Italy-Germany spread climbs to 241 basis points
Milan, other European markets little changed amid uncertainty25 September, 19:18
Milan's FTSE-Mib rose by 0.14% to close trading at 18,089 points after reports that US durable-goods orders were slightly higher in August than in July, when they showed a sharp drop, the Commerce Department said. New orders for durable goods rose by 0.1% to $224.9 billion in August, led by machinery, fabricated metal products and computers.
Although the results were not extremely strong, they showed an improvement over the previous report.
That indicated an 8.1% drop in July from June, showing continuing weakness in the economy, aside from the aircraft business.
At the same time, worries over the looming US debt ceiling weighed on investors.
The US Treasury will soon reach its $16.7 trillion borrowing limit unless legislators agree to raise the debt ceiling by the October 1 deadline.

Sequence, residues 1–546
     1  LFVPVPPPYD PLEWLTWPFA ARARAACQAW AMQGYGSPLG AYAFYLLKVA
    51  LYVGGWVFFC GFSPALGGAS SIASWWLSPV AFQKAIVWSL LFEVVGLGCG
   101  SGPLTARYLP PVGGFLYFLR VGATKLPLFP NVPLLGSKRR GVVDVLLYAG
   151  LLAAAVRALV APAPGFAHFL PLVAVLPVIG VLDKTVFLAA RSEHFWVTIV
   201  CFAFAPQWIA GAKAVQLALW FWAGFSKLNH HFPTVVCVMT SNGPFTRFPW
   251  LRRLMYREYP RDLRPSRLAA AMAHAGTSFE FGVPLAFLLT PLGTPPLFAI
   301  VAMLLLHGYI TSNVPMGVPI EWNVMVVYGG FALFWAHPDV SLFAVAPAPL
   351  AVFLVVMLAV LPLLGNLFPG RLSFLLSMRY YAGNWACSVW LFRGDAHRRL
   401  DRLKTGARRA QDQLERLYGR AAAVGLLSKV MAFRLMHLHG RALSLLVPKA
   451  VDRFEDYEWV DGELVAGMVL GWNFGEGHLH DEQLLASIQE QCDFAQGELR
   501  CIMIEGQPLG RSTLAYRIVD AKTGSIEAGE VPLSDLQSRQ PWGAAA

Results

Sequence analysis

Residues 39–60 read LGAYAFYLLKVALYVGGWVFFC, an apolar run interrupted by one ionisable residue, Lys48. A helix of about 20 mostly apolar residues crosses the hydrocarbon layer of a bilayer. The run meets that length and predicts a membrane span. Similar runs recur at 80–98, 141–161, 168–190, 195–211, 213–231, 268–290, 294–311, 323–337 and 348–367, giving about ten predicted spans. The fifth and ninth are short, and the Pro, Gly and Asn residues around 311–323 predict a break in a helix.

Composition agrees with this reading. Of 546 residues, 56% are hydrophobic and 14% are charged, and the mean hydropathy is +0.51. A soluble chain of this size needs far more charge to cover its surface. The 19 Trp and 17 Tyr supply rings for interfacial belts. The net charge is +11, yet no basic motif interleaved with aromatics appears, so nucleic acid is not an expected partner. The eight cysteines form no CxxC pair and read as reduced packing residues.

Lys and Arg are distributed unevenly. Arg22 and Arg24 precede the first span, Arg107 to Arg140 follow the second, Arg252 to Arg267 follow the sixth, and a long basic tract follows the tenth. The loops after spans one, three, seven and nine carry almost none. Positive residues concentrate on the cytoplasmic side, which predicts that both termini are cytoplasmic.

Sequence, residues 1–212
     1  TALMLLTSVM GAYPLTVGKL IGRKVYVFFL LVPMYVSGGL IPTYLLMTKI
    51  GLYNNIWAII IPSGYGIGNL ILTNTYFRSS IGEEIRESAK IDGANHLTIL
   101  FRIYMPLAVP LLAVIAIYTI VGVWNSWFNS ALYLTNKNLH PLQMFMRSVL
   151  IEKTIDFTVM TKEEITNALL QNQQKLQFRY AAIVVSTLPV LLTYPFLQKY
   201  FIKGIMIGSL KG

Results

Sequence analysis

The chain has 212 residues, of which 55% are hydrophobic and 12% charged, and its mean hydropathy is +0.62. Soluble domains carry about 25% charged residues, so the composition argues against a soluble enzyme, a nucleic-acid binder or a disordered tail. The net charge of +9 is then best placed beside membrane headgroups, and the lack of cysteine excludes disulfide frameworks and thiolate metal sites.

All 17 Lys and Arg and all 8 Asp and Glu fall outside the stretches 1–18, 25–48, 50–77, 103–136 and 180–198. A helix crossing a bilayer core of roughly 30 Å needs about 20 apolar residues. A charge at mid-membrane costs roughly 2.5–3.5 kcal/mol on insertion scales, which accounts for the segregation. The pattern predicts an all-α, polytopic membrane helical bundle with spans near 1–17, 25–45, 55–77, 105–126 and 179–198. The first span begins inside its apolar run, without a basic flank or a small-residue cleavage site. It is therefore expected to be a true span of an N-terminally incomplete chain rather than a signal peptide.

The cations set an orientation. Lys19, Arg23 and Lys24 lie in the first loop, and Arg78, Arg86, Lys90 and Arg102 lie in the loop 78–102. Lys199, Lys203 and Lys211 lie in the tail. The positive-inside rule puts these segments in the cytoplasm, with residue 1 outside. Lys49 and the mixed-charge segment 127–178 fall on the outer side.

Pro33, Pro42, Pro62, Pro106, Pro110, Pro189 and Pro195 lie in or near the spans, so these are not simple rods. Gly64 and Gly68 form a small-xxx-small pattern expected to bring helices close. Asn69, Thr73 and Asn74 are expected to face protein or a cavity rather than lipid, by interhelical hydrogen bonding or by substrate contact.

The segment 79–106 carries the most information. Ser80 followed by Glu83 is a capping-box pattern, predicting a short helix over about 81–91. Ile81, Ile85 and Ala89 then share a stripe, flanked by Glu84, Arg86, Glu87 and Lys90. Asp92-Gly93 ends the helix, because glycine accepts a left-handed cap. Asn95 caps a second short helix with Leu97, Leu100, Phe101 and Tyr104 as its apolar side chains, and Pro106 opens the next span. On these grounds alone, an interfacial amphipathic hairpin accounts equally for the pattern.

At issue is a temporary spending bill required to keep the US government fully open after the start of the new budget year, when the government will hit its spending limits.
If that happens, and it appears the US cannot pay all of its bills, confidence in the world's largest economy will suffer.
Bond markets seemed upbeat on the German report, widening the spread between Italy's 10-year bond and its ultra-safe German counterpart.
The spread closed at 241 basis points, up very slightly from 240 basis points one day earlier while the yield on Italian 10-year paper closed at 4.23%.
The spread between lending rates in the two countries is seen as an indication of investor faith in the Italian economy and its ability to cope with a lingering recession.
On other European markets, Spain's IBEX 35 gained 0.80% to close at 9,242.90 points while Frankfurt's DAX was essentially unchanged, closing at 8,665.63 points.
In Paris, the CAC 40 was also essentially unchanged on the day, ending trading at 4,195.35 points, while in London, the FTSE index of leading British shares shed 0.30% to close at 6,551.53.